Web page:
Sunday, November 19, 2017

"Elephant in the Room" - How can you help?

Law and Order Special Victims Logo
A High School auditorium filled with teenagers. Everyone’s face is tense and displays a sense of anxiety as to why they have been asked to assemble, especially when the most unpopular child (not because she is a bully but because she was a survivor of abuse/bullying) is on stage with a Law Enforcement Officer. She starts talking...

“I am a survivor of sexual assault. I felt broken. I was sad, angry. But then what came after - the bullying - I felt like I was underwater, drowning. I want you to know, that what you do, what you say to each other, it hurts. It has consequences you know.” The Officer starts speaking “First of all, I would like to congratulate Mandy for her bravery and courage. We are not here to blame or point fingers. We are not here talk about what could have been. We are here to start a conversation. I would like to invite you all to participate in a simple exercise.” and she stands up. “If you could all just close your eyes and take a second to settle yourselves.” Everyone looks to their neighbours confused and even more scared. The survivor says, “Come on, if I can do it…” and closes her eyes. The rest of them follow the action.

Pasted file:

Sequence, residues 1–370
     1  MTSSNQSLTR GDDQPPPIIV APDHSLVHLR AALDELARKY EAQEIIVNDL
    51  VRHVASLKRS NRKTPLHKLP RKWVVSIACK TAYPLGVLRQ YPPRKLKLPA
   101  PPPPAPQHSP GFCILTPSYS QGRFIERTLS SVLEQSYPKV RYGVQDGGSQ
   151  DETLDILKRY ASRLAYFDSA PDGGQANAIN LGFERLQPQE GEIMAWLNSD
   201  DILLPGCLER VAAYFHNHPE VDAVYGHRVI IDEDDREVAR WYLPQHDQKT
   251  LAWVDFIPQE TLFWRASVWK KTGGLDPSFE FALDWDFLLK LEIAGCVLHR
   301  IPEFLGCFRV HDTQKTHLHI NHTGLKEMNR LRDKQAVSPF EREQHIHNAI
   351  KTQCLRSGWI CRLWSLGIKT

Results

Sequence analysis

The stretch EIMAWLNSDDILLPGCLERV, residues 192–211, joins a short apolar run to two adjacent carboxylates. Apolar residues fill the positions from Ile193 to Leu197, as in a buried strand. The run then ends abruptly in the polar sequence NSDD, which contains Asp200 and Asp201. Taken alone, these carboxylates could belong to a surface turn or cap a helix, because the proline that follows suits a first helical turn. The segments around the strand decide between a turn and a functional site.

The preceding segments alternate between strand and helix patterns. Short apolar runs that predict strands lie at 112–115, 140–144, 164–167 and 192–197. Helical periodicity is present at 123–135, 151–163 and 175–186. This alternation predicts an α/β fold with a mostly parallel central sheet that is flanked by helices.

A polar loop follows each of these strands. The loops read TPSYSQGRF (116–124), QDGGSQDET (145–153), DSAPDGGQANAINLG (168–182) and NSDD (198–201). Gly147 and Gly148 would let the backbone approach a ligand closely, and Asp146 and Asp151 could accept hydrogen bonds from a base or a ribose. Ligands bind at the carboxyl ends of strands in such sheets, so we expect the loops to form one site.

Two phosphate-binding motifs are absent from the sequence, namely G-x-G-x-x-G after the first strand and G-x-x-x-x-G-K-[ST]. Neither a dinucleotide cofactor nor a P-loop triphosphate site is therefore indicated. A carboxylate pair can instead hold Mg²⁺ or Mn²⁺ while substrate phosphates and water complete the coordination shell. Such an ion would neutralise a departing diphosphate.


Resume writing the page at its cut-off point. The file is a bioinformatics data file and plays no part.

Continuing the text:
The Officer then goes on to say, “Keeping your eyes closed, I am going to ask you to stand up if you have been hurt by bullying”. A small group of children get up. She continues, “Keeping your eyes closed, stand up if you have been a victim of hazing. If you have ever been hurt by gossip.” Another few join those who are already standing and then she goes on to say, “Stand wp if you have ever been a victim of a sexual assault. Stand up if you have ever been a victim of violence. I would like you to open your eyes and take a look around.” The children are shocked to see that almost the entire auditorium is standing up. She continues to say, “Looking around we can all agree that we are in this together. You have the power to change this by being more accepting, more compassionate. You are not alone.”

Slowly, each child start talking about the incidents that affected them. Some accepted that their inaction to openly stand by those they were close with when they came to them for help was wrong. Some claimed that they were being bullish as they were under the impression that it was the norm and it was how they were funny and cool, but now they realise that they have wronged.

The above narration is from of a recent episode “No Good Reason” from “Law & Order: Special Victims Unit”. This is a fictional series that has been telecast in the USA and is in its 19th season and started from the year 1999. The episodes are often "ripped from the headlines" or loosely based on real crimes that have received media attention.